Facebook, MySpace and several other social-networking sites have been sending data to advertising companies that could be used to find consumers’ names and other personal details, despite promises they don’t share such information without consent, The Wall Street Journal reports. The practice, which most of the companies defended, sends user names or ID numbers tied to personal profiles being viewed when users click on ads. After questions were raised by The Wall Street Journal, Facebook and MySpace moved to make changes. By May 20 Facebook had rewritten some of the offending computer code. Advertising companies are receiving information that could be used to look up individual profiles, which, depending on the site and the information a user has made public, include such things as a person’s real name, age, hometown and occupation. Several large advertising companies identified by the Journal as receiving the data, including Google Inc.’s DoubleClick and Yahoo Inc.’s Right Media, said they were unaware of the data being sent to them from the social-networking sites, and said they haven’t made use of it…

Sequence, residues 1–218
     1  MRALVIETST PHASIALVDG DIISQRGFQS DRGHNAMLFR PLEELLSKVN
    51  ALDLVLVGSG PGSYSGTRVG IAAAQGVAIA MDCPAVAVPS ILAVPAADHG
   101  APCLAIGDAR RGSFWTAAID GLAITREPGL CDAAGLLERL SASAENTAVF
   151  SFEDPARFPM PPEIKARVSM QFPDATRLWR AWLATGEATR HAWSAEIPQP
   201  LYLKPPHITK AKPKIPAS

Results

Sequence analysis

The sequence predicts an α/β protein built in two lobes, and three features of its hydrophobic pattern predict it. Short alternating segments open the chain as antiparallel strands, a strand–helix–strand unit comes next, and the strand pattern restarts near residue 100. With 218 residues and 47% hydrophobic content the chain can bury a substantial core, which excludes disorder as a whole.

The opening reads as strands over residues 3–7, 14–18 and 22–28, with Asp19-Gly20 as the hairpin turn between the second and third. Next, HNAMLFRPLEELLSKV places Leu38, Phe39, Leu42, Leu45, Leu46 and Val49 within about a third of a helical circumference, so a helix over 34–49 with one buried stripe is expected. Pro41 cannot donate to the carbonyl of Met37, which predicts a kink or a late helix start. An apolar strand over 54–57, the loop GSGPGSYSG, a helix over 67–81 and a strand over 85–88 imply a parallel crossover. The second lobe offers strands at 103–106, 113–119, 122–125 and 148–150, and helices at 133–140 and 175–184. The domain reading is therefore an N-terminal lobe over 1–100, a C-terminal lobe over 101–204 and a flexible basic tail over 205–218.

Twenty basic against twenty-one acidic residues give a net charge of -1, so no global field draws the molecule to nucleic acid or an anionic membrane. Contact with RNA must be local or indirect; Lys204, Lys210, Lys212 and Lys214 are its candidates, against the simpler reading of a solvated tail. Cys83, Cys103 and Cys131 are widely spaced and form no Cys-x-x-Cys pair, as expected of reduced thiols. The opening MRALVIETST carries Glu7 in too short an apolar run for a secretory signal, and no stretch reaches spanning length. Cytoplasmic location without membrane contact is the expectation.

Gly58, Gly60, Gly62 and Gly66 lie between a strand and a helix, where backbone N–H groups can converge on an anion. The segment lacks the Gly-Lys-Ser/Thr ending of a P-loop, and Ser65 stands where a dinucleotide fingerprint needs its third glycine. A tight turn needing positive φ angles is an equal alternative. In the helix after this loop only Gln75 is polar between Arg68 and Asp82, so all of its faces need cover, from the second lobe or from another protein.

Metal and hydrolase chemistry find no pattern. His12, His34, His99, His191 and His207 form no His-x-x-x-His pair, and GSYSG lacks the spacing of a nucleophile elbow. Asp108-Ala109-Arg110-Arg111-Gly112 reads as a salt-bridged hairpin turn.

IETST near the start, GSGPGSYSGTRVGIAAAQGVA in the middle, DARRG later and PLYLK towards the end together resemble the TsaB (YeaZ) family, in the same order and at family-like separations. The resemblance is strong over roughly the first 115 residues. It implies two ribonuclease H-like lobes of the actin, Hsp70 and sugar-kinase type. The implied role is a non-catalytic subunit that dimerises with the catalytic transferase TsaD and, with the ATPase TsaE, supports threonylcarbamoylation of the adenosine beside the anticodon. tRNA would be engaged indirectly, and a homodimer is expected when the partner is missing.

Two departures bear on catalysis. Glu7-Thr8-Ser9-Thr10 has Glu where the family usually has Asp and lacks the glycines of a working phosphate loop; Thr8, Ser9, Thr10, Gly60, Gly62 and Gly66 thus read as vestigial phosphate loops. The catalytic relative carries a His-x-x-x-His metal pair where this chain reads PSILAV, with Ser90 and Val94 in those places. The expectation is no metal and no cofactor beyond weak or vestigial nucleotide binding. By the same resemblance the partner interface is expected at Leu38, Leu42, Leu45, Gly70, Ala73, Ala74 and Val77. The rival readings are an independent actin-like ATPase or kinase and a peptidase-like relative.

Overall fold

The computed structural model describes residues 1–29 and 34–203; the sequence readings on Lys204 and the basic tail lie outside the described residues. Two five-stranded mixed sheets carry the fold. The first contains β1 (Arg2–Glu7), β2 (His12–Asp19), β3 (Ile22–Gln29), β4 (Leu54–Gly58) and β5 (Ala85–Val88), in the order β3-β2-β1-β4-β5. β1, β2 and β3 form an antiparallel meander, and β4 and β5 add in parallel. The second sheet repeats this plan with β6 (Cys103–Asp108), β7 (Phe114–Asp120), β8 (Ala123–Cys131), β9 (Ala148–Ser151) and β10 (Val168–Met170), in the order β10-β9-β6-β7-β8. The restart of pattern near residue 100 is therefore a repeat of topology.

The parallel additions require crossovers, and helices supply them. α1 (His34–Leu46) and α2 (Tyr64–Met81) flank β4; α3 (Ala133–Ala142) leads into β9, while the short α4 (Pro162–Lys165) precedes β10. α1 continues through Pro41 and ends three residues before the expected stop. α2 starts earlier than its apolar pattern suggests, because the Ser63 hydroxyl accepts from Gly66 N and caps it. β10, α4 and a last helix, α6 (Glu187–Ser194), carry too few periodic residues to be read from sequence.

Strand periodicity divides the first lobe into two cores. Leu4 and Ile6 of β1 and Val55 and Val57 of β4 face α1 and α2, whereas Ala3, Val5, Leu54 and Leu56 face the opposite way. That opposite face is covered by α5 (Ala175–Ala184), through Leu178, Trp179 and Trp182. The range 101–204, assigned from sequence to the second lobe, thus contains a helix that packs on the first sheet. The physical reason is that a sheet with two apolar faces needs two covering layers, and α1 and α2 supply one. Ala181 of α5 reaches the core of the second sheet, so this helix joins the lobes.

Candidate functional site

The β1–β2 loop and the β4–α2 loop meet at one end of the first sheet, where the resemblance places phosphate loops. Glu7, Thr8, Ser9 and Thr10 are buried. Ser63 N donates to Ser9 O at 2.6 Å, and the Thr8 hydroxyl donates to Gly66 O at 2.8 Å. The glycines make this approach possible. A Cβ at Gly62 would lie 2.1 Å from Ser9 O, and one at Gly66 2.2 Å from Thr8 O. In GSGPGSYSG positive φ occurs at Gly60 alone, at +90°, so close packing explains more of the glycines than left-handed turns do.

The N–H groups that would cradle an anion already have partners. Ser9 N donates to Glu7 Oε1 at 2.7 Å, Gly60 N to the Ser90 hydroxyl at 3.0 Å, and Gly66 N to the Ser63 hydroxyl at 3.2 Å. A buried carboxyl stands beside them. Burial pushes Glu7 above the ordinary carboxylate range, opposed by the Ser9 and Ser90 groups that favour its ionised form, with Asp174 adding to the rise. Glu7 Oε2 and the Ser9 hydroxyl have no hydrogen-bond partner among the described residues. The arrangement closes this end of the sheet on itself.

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About the Author:

Laura Ascione

Laura Ascione is the Managing Editor, Content Services at eSchool Media. She is a graduate of the University of Maryland's prestigious Philip Merrill College of Journalism. When she isn't wrangling her two children, Laura enjoys running, photography, home improvement, and rooting for the Terps. Find Laura on Twitter: @eSN_Laura http://twitter.com/eSN_Laura


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